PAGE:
Plasmodium falciparum; malaria; surveillance; Anopheles gambiae; Africa; near-infrared spectroscopy
Maia Marta F., Kapulu Melissa, Muthui Michelle, Wagah Martin G., Ferguson Heather M., Dowell Floyd E., Baldini Francesco, Ranford-Cartwright Lisa (2019), Detection of Plasmodium falciparum infected Anopheles gambiae using near-infrared spectroscopy, in Malaria Journal
, 18(1), 85-85.
Replication Data for: Near infrared spectra and calibration for detection of malaria infection in Anopheles gambiae (Keele strain)
||Ferreira Maia, Marta; Kapulu, Melissa; Muthui, Michelle; Wagah, Martin; Ferguson, Heather; Dowell, Floyd; Baldini, Francesco
|Persistent Identifier (PID)
Anopheles gambiae (Keele Strain) mosquitoes were infected in the lab with cultured Plasmodium falciparum gametocytes (PfN54) to generate oocyst and sporozoite infected vectors. Controls, uninfected mosquitoes, were generated by feeding mosquitoes on the same blood after gametogenesis had occurred which was triggered by dropping the temperature in the glass feeders to below 30 degrees Celsius. After feeding, mosquitoes were kept for 7 and 14 days to allow parasite development after which each individual mosquito was scanned with near infrared spectroscopy (NIRS) and stored at -20 until processed by qPCR (quantitative polymerase chain reaction) for confirmation of infection and quantification of parasite load. The data shared is composed of all the spectra that were collected (in .spc format for GRAMS IQ software) labeled with a unique identifier which links to the STATA files where the mean number of parasite genomes and age for each individual mosquito are listed. The files used to generate the calibration through partial least square (PLS) regression on GRAMS IQ have also been shared (.tfdx) along with the calibration file (.cal) for uploading on IQ Predict software. We have also shared the prediction outputs of the independent samples that were predicted with the calibrations here developed.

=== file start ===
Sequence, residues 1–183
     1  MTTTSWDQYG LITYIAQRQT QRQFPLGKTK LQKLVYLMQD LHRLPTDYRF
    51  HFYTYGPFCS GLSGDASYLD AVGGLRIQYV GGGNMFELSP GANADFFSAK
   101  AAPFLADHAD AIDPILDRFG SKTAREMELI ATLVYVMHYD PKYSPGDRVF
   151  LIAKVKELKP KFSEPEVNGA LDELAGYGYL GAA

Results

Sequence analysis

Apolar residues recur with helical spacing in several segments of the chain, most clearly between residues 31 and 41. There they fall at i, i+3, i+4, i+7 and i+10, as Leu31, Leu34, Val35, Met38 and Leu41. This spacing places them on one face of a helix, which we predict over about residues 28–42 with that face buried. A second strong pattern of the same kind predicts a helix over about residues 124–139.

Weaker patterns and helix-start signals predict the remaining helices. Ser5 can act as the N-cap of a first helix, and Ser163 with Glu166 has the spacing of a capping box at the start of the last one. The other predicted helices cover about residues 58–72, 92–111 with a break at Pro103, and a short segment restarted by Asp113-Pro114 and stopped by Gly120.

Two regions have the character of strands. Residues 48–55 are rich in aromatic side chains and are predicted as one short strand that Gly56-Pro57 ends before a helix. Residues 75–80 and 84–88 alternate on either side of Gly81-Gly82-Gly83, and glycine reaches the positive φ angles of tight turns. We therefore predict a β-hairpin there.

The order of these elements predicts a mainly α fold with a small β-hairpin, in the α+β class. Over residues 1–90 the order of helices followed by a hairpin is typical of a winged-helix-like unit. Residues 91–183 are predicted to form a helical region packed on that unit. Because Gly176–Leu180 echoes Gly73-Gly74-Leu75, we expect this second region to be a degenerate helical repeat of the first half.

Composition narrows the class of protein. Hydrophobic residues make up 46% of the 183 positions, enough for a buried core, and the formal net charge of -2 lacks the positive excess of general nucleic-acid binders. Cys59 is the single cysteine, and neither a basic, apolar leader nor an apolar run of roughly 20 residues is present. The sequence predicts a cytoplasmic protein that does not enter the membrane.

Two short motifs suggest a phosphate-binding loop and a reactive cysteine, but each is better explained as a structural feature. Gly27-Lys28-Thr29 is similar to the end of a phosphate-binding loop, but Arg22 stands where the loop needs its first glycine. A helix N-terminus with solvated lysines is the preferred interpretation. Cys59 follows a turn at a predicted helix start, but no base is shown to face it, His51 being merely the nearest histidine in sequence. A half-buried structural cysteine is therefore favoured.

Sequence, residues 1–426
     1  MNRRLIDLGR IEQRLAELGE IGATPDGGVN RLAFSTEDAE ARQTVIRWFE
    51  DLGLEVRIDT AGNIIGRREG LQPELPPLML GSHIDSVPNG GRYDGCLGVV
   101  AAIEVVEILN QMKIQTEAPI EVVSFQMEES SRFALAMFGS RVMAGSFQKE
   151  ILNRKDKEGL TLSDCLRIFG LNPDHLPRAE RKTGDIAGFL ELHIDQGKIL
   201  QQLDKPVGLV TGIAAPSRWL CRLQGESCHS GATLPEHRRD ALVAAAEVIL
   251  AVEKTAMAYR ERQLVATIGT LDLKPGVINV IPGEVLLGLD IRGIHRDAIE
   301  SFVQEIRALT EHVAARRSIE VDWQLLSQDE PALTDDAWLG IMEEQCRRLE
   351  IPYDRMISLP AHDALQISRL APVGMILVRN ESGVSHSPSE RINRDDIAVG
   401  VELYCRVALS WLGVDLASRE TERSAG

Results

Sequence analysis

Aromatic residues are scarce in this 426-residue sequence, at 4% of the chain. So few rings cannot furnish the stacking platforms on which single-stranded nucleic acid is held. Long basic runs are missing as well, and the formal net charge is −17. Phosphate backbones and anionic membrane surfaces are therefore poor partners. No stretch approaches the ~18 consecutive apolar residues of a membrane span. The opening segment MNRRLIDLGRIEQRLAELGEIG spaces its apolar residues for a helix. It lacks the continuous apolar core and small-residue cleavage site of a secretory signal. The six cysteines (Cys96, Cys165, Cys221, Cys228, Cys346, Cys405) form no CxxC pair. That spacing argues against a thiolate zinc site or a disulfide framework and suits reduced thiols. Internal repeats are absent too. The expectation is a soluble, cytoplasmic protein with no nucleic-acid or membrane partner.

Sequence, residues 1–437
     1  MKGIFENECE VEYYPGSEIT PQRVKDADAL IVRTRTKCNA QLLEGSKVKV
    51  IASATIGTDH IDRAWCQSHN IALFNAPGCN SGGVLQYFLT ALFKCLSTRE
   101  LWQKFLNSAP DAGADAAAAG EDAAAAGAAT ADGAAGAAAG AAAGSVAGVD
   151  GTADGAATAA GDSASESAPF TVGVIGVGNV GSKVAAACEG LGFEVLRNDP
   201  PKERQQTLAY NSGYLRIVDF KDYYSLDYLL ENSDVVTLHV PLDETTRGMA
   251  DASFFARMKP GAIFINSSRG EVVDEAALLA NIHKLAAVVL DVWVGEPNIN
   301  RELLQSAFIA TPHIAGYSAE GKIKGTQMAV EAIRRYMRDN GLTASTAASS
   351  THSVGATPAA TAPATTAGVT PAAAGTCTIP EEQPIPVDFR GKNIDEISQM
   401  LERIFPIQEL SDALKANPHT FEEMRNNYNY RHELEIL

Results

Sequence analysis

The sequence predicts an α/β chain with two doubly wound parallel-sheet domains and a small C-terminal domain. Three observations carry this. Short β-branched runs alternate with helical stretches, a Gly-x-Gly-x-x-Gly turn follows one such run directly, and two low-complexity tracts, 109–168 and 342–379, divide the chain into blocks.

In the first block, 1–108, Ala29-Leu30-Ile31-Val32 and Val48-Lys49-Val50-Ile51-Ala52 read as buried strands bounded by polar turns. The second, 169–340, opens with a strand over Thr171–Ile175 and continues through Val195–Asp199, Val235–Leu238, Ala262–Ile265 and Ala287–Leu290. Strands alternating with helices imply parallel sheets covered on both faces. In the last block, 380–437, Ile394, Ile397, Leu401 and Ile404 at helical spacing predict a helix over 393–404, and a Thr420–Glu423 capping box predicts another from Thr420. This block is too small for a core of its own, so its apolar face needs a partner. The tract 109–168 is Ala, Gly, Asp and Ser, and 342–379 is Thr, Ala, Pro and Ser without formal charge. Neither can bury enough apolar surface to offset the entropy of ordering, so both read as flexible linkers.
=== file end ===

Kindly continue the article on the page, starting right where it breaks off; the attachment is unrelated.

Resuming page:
This proposal requests a follow-up grant for an ongoing study (PMPDP3_164444) investigating if near-infrared spectroscopy (NIRS) can detect Plasmodium falciparum infection in mosquitoes. The technology offers an opportunity for the development of a high throughput testing method which would benefit malaria surveillance programs. So far, I have infected mosquitoes in the lab and collected spectra from both uninfected and infected mosquitoes up to oocyst and sporozoite stage. I have determined infection load of each mosquito samples with qPCR and analyzed the spectra data using cross-validations. I can conclude that NIRS can be used to accurately predict Pl. falciparum sporozoite infection in Anopheles gambiae s.s with over 90% sensitivity and specificity independent of infection load. However, the earlier stages of infection in mosquitoes (oocyst stage) did not provide discernable results, cross validations showed that the NIRS spectra between infected and uninfected mosquitoes were not sufficiently different to tell them apart. Although the results for sporozoite-infected mosquitoes are very promising, the method must still be validated using samples from infections closer to what would be found in the wild. I am in Kenya preparing for this stage of the project. I have received all regulatory approvals needed for the study and community engagement in Kilifi has begun; screening for participants will be done following the on-start of the long rains from mid-April to July. The recruited participants will be asked to donate blood to infect mosquitoes in the lab and a few volunteers will be asked to feed the mosquitoes directly on their arms. Mosquitoes will be allowed to develop parasitic infections up to sporozoite stage after which they will be killed and scanned using NIRS. The spectra collected will be used to validate the calibrations previously generated. Screening has not yet begun because prevalence of asymptomatic carriers in the dry season is expected to be very low. To ensure that the project can reach its objectives and recruit its target number of participants for mosquito feeding assays it is advisable to concentrate field activities following the long rains in order not to exhaust the research funds available before reaching the recruitment target. My current fellowship is scheduled to end in July, the additional funds requested in this follow up proposal would allow me enough time to conclude the field work, summarize and disseminate the main findings